alexa Milk Flash Pasteurization by the Microwave and Study its Chemical, Microbiological and Thermo Physical Characteristics | OMICS International
ISSN: 2157-7110
Journal of Food Processing & Technology
Like us on:
Make the best use of Scientific Research and information from our 700+ peer reviewed, Open Access Journals that operates with the help of 50,000+ Editorial Board Members and esteemed reviewers and 1000+ Scientific associations in Medical, Clinical, Pharmaceutical, Engineering, Technology and Management Fields.
Meet Inspiring Speakers and Experts at our 3000+ Global Conferenceseries Events with over 600+ Conferences, 1200+ Symposiums and 1200+ Workshops on
Medical, Pharma, Engineering, Science, Technology and Business

Milk Flash Pasteurization by the Microwave and Study its Chemical, Microbiological and Thermo Physical Characteristics

Asaad R Saeed Al-Hilphy* and Haider I Ali

Food Science Department, College of Agriculture, Basrah University, Basrah, Iraq

*Corresponding Author:
Asaad R Saeed Al-Hilphy
Food Science Department
College of Agriculture
Basrah University, Basrah, Iraq
E-mail: [email protected]

Received date: May 26, 2013; Accepted date: July 10, 2013; Published date: July 17, 2013

Citation: Al-Hilphy ARS, Ali HI (2013) Milk Flash Pasteurization by the Microwave and Study its Chemical, Microbiological and Thermo Physical Characteristics. J Food Process Technol 4:250. doi:10.4172/2157-7110.1000250

Copyright: © 2013 Al-Hilphy ARS, et al. This is an open-access article distributed under the terms of the Creative Commons Attribution License, which permits unrestricted use, distribution, and reproduction in any medium, provided the original author and source are credited.

Visit for more related articles at Journal of Food Processing & Technology

Abstract

The study included pasteurization of cow’s milk by the Flash Pasteurization method and using temperature of 100°C for a period of 0.01 seconds. The chemical tests were measured and included determination of moisture, fat, lactose, ash and protein. The microbiological tests included estimating of the total number of microbes, bacteria of the colon (E. coli) and surviving fraction. Thermo physical properties were calculated for milk and included specific heat, viscosity, thermal conductivity and density during the different temperatures. TBA and free fatty acids were measured. Productivity of the device reached to 80 liters/hour and heating rate is 22.22°C/min. The results showed that the microbiological characteristics were improved after the flash pasteurization process by reducing the total number of microbial, and absence of Coliform bacteria in pasteurized milk. The pasteurization value, specific heat and thermal conductivity of the milk were increased with increasing time of heating, while viscosity and density of the milk were decreased with increasing temperature. Moisture, acidity and pH were decreased after the flash pasteurization process. Ash and carbohydrates have been increased. Fat and protein were not affected with pasteurization process. Results also showed the absence of alkaline phosphatase in pasteurized milk. TBA and free fatty acids were significantly (p<0.05) reduced by using microwave flash pasteurization.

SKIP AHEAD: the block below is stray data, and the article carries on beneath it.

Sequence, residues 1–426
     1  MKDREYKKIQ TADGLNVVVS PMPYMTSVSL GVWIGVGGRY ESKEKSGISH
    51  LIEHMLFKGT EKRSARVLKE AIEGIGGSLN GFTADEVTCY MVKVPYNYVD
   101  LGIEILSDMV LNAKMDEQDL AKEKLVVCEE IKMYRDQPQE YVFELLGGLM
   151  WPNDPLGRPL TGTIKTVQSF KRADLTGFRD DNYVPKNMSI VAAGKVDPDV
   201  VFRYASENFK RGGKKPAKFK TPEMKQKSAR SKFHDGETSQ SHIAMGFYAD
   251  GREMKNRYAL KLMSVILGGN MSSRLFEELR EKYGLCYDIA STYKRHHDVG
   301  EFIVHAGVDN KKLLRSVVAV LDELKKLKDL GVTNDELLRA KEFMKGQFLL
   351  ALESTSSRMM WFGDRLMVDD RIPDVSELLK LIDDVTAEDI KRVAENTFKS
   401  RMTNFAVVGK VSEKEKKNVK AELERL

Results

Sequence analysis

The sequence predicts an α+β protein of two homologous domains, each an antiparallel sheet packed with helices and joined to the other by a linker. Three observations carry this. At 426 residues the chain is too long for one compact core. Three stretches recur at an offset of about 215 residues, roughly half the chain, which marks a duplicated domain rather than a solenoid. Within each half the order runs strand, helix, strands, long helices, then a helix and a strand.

Keywords

Milk pasteurization; Thermo physical properties; Pasteurization value

Introduction

One of the most important heat treatment transactions in dairy plants are pasteurization and sterilization. There are general bases for pasteurization can be summarized in the following two points: the first is health and the eradication of pathological microorganisms in milk, pathogenic organisms and the elimination of 95 to 99% of the number of bacteria present in the milk, as well as the process of pasteurization causes total elimination of yeasts and molds gets through exposure of milk for different temperatures for specified time periods. The second point is increasing milk storage time as free of the microbes is increases the storage and safety of microbial damage. The Food and Health Bureau of United States the US Food and Drug Administration introduced certain measures in the pasteurization of milk and its products and these gauges consisted of temperatures as milk or products and the time required is 62.8°C for 30 minutes, 71.6°C for 15 seconds, 88.4°C 0.1s, 95.6°C for 0.05 seconds and 100°C for 0.01 seconds. Milk heating at 100°C for 0.01 seconds is called flash pasteurization.

As pointed out by Ryan et al. [1] that there are many types of microorganisms in milk can be observed which effect its quality as well as its negative impact on consumer health and safety. As which Luis pastor in 1860 was found a method called later the process of pasteurization, which being capable of eradicating most unsatisfactory microbes. Many researchers developed thermal treatments, however, these methods has many disadvantages in terms of storage age of pasteurized milk through rancidity, flavor and dramatic growth of Microbes [2].